There’s an unwritten rule in Kiwi dog trials – if you have a bad run you’ve got a few minutes to sulk, before you get over it and pull up your socks.
Those are metaphorical socks of course – gone are the days of wearing long woolens, tweed jackets and ties on the course. These farmers are now out there in moleskins, boots, and tidy woolen jumpers.
Dog trialling is picking up in popularity, with more young people involved in dog trialling clubs, which are weaved through every rural nook and cranny.
Otago man Steve Wallace has been in the game for more than 50 years and the one rule that hasn’t changed is keeping your ego out on the course.
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“It’s very competitive, when you go on the mark you are competing like mad, the rest of the time you’re having fun.
“You’ve got five minutes to sulk after a crook run, and then you get back into it, and you are part of the crew again.”
This was the common theme at the South Island dog trials held this week on the outskirts of Alexandra, Central Otago. Every man, woman and their dogs were there for the mateship.
“It is part of our rural Kiwi culture really and it just an extension of our work, that’s really what it is all about,” the 70-year-old said.
“It is somewhere you can go out and be social and carry on with your work. It is really about showing off your dog.”
Kiwi sheepdog trials date back to Wānaka in 1867. There are reports of trials at Waitangi and Te Aka in 1868, again in Wānaka in 1869 and Haldon Station in the Mackenzie Country in 1870. However, Wales had claimed – controversially – to have held the first ever trial in 1873.
Fast-forward to 2022 – the fashion and formality around the prestigious rural competition may have changed, but so had the demographic of competitor.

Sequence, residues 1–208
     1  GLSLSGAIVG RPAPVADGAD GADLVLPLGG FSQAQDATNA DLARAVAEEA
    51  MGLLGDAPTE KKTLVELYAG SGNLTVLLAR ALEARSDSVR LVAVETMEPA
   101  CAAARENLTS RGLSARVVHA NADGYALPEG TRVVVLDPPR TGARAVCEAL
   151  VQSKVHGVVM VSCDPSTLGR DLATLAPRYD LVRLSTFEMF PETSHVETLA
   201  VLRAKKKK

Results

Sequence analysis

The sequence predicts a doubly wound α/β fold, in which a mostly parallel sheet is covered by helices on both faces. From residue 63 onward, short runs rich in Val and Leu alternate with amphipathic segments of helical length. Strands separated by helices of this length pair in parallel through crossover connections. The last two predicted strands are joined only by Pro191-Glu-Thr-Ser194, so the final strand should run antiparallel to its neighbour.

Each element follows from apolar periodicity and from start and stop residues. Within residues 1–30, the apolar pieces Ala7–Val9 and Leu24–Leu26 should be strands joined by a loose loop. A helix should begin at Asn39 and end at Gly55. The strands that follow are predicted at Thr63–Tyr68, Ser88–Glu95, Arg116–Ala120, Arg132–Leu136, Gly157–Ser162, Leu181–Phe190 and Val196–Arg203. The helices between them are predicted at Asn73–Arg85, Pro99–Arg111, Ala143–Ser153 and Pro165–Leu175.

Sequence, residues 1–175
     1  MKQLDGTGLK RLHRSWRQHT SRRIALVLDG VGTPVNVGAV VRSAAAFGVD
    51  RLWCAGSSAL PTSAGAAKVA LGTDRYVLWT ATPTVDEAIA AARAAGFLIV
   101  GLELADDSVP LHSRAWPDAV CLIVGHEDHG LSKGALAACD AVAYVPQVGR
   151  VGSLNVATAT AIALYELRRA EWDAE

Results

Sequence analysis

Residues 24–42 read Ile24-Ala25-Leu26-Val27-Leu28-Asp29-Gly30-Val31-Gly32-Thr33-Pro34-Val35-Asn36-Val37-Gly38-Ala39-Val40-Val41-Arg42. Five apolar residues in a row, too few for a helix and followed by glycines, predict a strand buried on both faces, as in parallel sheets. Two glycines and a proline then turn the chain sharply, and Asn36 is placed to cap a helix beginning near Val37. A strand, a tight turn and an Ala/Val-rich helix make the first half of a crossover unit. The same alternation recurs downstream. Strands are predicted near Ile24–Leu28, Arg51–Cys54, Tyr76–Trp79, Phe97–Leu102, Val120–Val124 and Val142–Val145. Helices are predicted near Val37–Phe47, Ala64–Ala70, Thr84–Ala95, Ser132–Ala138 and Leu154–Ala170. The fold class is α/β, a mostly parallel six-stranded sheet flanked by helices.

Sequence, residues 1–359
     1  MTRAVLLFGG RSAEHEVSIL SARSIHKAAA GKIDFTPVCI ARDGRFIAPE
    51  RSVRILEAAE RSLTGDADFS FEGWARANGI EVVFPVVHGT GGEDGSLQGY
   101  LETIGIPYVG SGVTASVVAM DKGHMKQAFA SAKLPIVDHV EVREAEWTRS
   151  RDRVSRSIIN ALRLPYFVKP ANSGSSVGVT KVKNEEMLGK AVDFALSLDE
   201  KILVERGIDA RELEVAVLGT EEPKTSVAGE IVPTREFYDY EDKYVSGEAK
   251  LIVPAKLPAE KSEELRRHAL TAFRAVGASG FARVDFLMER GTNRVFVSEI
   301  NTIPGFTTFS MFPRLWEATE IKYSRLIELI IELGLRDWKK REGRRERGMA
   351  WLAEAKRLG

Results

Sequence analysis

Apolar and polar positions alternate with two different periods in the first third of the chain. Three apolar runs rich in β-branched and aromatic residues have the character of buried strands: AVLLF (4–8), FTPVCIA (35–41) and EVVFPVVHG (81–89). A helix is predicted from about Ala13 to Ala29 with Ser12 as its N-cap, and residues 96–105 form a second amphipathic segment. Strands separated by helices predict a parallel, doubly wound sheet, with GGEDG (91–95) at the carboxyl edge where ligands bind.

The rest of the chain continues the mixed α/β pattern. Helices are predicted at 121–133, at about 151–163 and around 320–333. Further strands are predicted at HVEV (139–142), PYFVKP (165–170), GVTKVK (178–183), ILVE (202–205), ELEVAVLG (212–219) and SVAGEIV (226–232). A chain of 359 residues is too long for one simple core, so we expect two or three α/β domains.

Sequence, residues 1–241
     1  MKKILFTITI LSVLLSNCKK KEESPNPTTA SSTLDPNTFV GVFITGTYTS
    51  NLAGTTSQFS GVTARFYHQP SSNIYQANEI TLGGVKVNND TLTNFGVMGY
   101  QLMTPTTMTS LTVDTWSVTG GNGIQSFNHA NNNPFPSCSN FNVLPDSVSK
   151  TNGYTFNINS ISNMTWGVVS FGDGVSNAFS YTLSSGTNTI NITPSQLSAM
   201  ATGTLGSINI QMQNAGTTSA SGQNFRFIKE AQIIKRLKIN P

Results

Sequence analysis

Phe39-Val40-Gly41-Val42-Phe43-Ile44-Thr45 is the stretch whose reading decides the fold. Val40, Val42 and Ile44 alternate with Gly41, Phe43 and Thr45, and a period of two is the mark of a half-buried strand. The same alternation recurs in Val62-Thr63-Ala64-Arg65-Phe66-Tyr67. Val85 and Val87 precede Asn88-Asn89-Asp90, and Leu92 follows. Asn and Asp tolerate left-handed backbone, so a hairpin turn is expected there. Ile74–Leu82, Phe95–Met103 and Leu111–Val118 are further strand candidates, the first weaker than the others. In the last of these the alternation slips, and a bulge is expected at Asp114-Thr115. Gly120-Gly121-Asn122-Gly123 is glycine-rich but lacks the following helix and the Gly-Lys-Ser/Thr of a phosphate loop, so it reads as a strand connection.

More women and younger farmers were now getting into the game.
Wallace said it wasn’t uncommon to see 20 to 30 women at a club competition. When he started there were none, unless they were there to cook, he said.
“There is a lot more women doing it and doing it well.”
Stock manager Sam Shaw, from Matawai, Gisborne, qualified this week in the top seven for the run-offs (finals). Her personal best of her is top seven at the nationals.
Shaw, who has been competing for about eight years and whose father also competed, said she loved the competitive element and the fact everyone started each day on an even playing field.
“You have to trust your dog, it is all up to you, your dog and the sheep, and they all have to combine. It is never going to be the same every time.
“How many sports can you have this age range of people, girls and boys competing on the same level?”
At the heart of the operation is her dog Rogue, a cheap buy at “mates rates” of $1000.
Heading dogs and Hunataways can cost between $5000 and $10,000. Some have been known to fetch a price of $16,000.
At 76, Ian Anderson has seen just about all there is to see in Kiwi dog trialling. He’s won five national titles, 11 island titles and has donned the tweed jacket.
Anderson has been to every national dog trial since he was 19, except for one.
“All that means is, I am growing old… The judges would judge in suits. We live in another age now.”
His favorite memory?
“Some of it I can’t repeat. Mostly just meeting wonderful people.”
He’s still pretty handy. Anderson won last year’s nationals, but dipped out of the race this week in Alexandra.
Born and bred in nearby Omararama where he farms 12,000 sheep on 21,000 acres, he said he loved it for the dog first, and mates second.
Kavinda Herath / Stuff
Greenvale Dog Trial Club president Garth Cross talks about the Tux New Zealand Dog Trial Championships. (video first published in 2021)
Winning was just a bonus, he said.
He will be competing at the Taramanui nationals on May 30, alongside heading dogs Jet, Boss and Dick.
“Oh it’s competition, it’s serious when we get out there. It is serious stuff.”
This week the dog trialling community also said goodbye to John Gordon, best known for his work on television programs Country Calendar and A Dog’s Show, for which he was presenter and commentator for 17 years, from 1977 to 94.
He died at his home in Southland, age 78.